The purpose of this class is to give all of us an opportunity to share knowledge, whether it be something we've learned in the past or something we just researched. The class will meet every other Friday, and each week we'll be covering a set a predetermined techniques or concepts based on where we are in the curriculum (https://www.eldiablocombatives.com/curriculum.) We'll cover the techniques we'll be teaching in the next two weeks in the regular adult gi classes (which influences the kids and Combatives classes, too.) Below, I'll explain how the class will work, and explain the rationale behind each part.
Step One: On the weekend before the class meets, I'll start a post in here listing the techniques we'll be covering that next Friday. Anyone who is planning on attending the R&D class will "claim" whatever sources they're going to use to research those techniques or concepts, which includes their own personal knowledge. We do this so two people don't accidentally use the same sources. They'll do this by commenting on my post here in the forum.
For example, our first R&D class will cover neutral position and the clinch. Specifically, we'll discuss the goals of each position, the best posture for both, managing distance, sprawling, a low outside single leg, pummeling, and the bear hug takedown. Let's say Sam is going to the class and already knows quite a bit about these, so he'll share what he knows personally. Tyson does the same. Travis is also planning on going, but he doesn't know much about the techniques and concepts, so he "claims" John Danaher as a source. Jeremy is also going and claims the Art of Jiu Jitsu as his source. And so on. Nick knows quite a bit about these, but he also wants to research an outside source, so he claims FloGrappling as his source.
Step Two: During the week before the class, all participants study whatever resource we claimed and take notes (or however we retain information best.) The goal is to learn the material well enough to be able to explain and demonstrate it to the rest of the class.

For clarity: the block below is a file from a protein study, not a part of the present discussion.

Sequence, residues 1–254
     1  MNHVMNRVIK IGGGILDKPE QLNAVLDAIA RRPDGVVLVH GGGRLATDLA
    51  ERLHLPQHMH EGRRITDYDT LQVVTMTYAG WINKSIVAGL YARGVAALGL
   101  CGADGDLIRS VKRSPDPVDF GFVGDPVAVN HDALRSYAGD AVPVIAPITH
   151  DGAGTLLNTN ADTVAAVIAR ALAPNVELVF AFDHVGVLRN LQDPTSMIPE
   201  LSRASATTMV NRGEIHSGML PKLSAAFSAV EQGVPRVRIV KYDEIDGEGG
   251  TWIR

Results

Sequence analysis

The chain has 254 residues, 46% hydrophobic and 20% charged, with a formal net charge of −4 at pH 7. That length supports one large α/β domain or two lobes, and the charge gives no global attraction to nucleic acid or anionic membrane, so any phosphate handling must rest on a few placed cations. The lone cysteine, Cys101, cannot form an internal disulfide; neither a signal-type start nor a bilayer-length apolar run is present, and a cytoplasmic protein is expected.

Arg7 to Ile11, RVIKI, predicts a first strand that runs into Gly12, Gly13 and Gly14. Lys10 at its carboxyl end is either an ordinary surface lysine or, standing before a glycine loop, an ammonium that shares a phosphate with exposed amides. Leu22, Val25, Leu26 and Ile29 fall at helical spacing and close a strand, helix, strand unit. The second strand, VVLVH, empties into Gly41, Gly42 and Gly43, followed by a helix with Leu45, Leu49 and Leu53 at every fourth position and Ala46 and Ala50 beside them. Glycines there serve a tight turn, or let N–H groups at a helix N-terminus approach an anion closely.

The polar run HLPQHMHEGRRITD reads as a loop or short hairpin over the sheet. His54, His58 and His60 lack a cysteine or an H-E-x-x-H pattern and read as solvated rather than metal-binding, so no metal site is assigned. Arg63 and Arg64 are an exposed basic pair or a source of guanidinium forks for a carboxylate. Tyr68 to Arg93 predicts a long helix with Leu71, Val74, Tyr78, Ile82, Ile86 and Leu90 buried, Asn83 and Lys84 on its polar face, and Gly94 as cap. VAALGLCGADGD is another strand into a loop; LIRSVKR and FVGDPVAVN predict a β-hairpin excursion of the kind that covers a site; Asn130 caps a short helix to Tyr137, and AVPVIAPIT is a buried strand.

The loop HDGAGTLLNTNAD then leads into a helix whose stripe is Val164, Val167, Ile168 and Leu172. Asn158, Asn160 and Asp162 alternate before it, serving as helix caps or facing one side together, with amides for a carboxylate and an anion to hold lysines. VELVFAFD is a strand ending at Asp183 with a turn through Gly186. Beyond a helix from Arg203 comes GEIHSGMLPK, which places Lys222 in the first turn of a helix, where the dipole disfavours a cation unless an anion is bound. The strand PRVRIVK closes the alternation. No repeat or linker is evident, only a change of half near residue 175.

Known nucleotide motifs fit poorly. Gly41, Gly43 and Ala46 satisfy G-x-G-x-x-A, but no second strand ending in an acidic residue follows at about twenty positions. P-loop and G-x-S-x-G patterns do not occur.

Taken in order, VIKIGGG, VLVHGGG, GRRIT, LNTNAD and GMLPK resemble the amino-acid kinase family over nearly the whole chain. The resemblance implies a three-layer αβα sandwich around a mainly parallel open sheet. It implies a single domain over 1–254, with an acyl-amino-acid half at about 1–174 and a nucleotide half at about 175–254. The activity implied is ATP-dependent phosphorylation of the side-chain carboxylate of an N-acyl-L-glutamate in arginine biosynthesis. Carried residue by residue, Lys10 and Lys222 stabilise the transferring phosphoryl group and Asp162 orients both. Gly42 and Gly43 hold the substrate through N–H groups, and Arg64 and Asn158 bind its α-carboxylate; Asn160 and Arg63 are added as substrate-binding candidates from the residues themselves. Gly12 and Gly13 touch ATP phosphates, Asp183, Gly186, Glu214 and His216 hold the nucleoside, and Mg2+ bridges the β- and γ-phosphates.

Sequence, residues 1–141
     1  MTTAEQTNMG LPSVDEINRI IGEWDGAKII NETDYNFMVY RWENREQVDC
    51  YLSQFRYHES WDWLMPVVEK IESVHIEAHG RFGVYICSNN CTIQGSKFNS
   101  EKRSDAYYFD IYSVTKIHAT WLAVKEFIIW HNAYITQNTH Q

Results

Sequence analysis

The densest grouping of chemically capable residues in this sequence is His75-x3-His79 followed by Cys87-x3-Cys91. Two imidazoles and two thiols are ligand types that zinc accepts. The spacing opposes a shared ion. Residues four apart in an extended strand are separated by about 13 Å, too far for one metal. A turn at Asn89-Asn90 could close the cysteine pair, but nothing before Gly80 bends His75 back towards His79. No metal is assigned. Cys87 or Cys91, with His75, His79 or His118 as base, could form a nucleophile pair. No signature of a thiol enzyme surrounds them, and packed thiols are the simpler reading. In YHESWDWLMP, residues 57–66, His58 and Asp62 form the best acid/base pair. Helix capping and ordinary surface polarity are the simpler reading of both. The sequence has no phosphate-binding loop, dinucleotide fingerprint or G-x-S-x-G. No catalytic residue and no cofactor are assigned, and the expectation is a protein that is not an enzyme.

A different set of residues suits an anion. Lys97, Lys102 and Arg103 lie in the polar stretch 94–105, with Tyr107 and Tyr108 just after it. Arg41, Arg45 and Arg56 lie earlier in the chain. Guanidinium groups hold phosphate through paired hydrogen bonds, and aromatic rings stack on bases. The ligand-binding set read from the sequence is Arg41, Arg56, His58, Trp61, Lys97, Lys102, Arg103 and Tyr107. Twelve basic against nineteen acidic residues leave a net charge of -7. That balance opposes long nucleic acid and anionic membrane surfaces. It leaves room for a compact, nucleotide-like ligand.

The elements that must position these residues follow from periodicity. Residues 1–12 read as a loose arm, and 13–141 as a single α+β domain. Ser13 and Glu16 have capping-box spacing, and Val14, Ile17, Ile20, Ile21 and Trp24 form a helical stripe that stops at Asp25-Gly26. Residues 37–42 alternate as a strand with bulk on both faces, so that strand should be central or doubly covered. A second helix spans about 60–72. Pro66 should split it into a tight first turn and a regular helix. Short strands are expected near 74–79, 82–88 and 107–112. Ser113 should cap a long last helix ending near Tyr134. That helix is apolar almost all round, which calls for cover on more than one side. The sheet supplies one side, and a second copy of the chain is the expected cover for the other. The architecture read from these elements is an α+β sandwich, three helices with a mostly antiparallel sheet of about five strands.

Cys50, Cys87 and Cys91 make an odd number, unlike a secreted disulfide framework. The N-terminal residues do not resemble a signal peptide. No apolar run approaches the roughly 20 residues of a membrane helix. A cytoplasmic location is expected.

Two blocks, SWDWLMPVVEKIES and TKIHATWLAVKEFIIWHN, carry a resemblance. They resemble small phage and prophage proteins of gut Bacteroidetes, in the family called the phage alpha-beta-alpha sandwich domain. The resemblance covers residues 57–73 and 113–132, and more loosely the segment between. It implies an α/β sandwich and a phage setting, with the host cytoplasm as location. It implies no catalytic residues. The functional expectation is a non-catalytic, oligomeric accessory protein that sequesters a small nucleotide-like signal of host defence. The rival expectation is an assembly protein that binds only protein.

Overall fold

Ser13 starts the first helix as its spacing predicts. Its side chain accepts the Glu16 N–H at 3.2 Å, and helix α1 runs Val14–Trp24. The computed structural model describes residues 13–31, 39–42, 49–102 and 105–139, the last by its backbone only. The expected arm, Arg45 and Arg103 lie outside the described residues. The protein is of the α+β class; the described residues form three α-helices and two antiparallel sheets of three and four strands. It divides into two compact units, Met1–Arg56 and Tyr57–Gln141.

This serves two purposes. First, it sets up a situation where we can access as many resources as we have participants, which means we can get A LOT of diverse ideas on how and why any given technique is done. When the class actually meets, we can test a whole bunch of different ideas and figure out what works best. In theory, this will allow us to combine what we've learned in the past with the very best of the best ideas from world-class jiu jitsu coaches and competitors.
Second, it gives us experience in learning from different resources in a deep, meaningful way. Because we'll have to teach whatever we know or are researching, it forces us to process the information on a deep level. Psychologically speaking, this is one of the absolute best ways to learn things effectively, and that's the whole reason we train.
Step Three: The class meets. The format will be simple. We'll start with the most logical technique and go around the class, each person will share what they learned, and we'll discuss and test the different ideas. We'll keep the details that work best and discard what doesn't work. I'll write the details down, use that information to shoot short videos for everyone to preview/review, and design the structure for each class where the techniques or concepts will be taught (based on where we are in the curriculum.)
The idea of this class was inspired by crap we do as classroom teachers, along with my experiences collaborating with others. Most people, once they hit purple belt or so, tend to start doing quite a bit of collaboration. Pretty much everything Shelly and I learned from our coaches was developed by a similar, less organized process. Since we're actually testing the ideas, it's easy to figure out what actually works best and what doesn't really work at all.
Anyway, I've always thought this idea could be incredibly valuable to all levels, even one stripe white belts. heir problem, of course, is that they don't know much because they're new. That's where the claiming and researching sources comes in; it gives newer people the opportunity to participate well before they'd normally be able to collaborate.
So that's the idea. If you have any questions (or ideas to improve this process), post a comment below!